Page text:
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Poetry Winter 2018    fiction    all issues


Cover Elena Koycheva

Bryce Emley
Asking Father What’s at the End
& other poems

AJ Powell
& other poems

Faith Shearin
& other poems

Claire Van Winkle
& other poems

Sarah W. Bartlett
Summer Cycles
& other poems

Nooshin Ghanbari
& other poems

Meli Broderick Eaton
The Afterlives of Leaves
& other poems

Jeddie Sophronius
& other poems

Paula Bonnell
In Winter, By Rail
& other poems

Addison Van Auken Waters
& other poems

Daniel Sinderson
& other poems

Andrew Allport
All Nature Will Fable
& other poems

Marte Stuart
What an Insult Time Is
& other poems

Matthew Parsons
My Father as an Inuit Hunter
& other poems

Emily Bauer
Gently, Gently
& other poems

Bruce Marsland
A once lovelorn bard’s final journey
& other poems

Beatrix Bondor
Night Makers
& other poems

Isabella Skovira
Lawless Conservation
& other poems

Juan Pablo González
Colombia, 1928
& other poems

Molly Pines
The Pillbug
& other poems

Jamie Marie
On the Lake
& other poems

William A. Greenfield
If You Show Me Yours
& other poems

Bill Newby
Tuesdays at The Seagate's Atlantic Grille
& other poems

Elder Gideon
Male Initiation Rites
& other poems

Joel Holland
Dear Gi-Gi
& other poems

Martha R. Jones
How Lewis Carroll Met Edgar Allan Poe
& other poems

William A. Greenfield


A tall bad boy

with perfect round holes in his earlobes

she flaunted an intricate butterfly

from shoulder to shoulder

they intertwined like some alien

performing reverse meiosis

hands and arms in a moving and

feeling frenzy that

bordered on public

indecency condemning

them to a future of disappointment

when the thrill of living is gone.

In a booth eating was an

interruption like

a draft that cools the flame

like dinner with family

that torturous imposition that

only serves

to stoke the raging fire

If You Show Me Yours

It’s a game we played when

Bugs and Daffy became passé.

When the best part of the Sears

catalog was no longer Lincoln

Logs and chemistry sets, we

exchanged peach fuzz peeks

behind clapboard garages or

under schoolyard elm trees.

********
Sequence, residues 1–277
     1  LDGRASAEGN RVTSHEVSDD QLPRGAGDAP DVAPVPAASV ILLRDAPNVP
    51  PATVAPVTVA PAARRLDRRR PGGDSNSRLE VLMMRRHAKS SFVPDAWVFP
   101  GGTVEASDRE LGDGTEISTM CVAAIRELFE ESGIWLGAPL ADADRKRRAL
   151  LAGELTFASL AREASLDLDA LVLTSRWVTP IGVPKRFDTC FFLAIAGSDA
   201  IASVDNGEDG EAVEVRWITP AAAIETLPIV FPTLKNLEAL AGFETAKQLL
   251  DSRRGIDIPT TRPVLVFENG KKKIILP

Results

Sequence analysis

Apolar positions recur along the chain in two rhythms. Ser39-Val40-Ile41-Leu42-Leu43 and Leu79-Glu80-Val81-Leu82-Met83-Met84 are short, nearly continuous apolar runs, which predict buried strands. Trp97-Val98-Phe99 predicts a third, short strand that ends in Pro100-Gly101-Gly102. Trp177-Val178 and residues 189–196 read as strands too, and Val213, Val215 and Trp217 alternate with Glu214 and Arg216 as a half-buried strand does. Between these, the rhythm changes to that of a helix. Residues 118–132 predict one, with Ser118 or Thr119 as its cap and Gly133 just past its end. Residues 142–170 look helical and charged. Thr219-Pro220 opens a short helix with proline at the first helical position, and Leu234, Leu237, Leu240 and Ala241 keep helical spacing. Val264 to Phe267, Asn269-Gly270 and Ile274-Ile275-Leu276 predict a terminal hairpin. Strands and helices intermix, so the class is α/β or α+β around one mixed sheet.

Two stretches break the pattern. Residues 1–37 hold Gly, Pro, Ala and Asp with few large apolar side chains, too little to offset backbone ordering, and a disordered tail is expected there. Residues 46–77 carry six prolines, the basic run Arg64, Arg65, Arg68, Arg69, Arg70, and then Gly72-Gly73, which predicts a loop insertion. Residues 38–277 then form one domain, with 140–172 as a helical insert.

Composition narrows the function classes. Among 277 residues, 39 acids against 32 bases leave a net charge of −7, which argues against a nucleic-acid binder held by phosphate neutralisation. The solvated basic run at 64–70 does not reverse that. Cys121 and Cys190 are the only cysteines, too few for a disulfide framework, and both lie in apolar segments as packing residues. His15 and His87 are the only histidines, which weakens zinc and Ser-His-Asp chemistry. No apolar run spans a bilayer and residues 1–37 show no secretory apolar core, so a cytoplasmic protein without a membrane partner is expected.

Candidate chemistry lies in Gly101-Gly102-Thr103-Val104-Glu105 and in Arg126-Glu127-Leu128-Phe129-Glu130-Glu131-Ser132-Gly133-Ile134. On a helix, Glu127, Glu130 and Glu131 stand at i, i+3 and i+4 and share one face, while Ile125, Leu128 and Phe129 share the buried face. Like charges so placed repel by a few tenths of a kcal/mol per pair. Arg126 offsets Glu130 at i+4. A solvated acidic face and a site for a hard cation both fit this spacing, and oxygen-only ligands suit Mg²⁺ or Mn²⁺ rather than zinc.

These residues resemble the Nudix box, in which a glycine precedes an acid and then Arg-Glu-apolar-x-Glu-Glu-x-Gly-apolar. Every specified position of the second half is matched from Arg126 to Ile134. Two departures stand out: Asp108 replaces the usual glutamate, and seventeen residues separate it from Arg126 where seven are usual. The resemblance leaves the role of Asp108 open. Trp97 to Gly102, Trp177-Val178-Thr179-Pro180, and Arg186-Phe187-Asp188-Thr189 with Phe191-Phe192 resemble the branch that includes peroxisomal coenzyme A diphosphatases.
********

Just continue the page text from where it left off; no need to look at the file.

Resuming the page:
There were rules.

We had to be normal children

just under the curious influence

of estrogen and testosterone.

We had to have working parents

who gave us lunch money and

took us bowling on our birthday.

We had to be mainstreamed

with goals that went beyond

tomorrow’s ride on the small bus.

If we were overtaken by this spell;

If our lustful simplicity suggested

that a clueless child should handle

our ripening fruit, we would

surely be put somewhere.

And, of course, there had to be

an invitation, a furtive glance

from the girl painting her toe

nails on the back porch steps.

Sonder After Dark

I don’t know if this word should find itself in The Dictionary

of Obscure Sorrows, but since the author attempted to write poetry,

I will acquiesce to his definition, although I may not find sorrow

in the face of the retired policeman as he has his last smoke

late at night. Yesterday, he brought home a Table Talk pie

and tried to remember the last time he ate beef.

When I see him at the window, I know I’m not alone.

His life is a simple one; he eats, he plays, he watches

his wife undress. But his thoughts are complicated.

I don’t know why I think this. And here we have the

rub, like when you see the small Mexican man blowing

leaves across the asphalt. How do you explain your

connection to him, your acceptance that he may also be

watching you and wondering if your wife is as beautiful

as his. Mr. Koenig has attempted to “fill a hole in the language.”

There is more work to do, as it seems the hole is ever widening.

The river of emotions runs deep.

The Old Woman Sitting Beneath
a Weeping Willow

I’m certain it was my mother because I

put her there; I guided her down the porch

stairs because her knees could no longer

bear her weight. I gave her this tree on

these grounds so she no longer had to

point out its elegant beauty from the

old red station wagon as we passed

farms and groundhogs along the parkway;

she no longer had to covet the polished

pine and ivy vine she saw in picture books.

I served her sliced strawberries with whipped

cream in the shade while she whimsically

reached for the tears of rain left by an

early morning shower. And I gave her a

dream. She climbs upon a spirited appaloosa

and wraps her arms tightly around

The Marlboro Man, weathered and full

of western bravado. She wants to pen

a romance novel about the cowboy of

her other dreams, the one who sings to her

on AM radio. She sings to herself now,

beneath this tree of wisdom. She sings

the same song she sang to me as a child,

when I thought she would, one day, have

her own porch to laze upon, her own

horse to feed sugar cubes to, and maybe

a cowboy to share her dreams with.

William A. Greenfield is a youth advocate worker and a fairly good poker player. He resides in Liberty, NY, with his wife, son, and a dog. His poems have appeared in dozens of journals, including The Westchester Review, Tar River Poetry, and many others. In 2012, he won Storyteller Magazine’s People’s Choice award. He was a finalist in The New Guard Literary Review’s 2016 Knightville Poetry Contest. His chapbook, “Momma’s Boy Gone Bad”, was published in February 2017 by Finishing Line Press.

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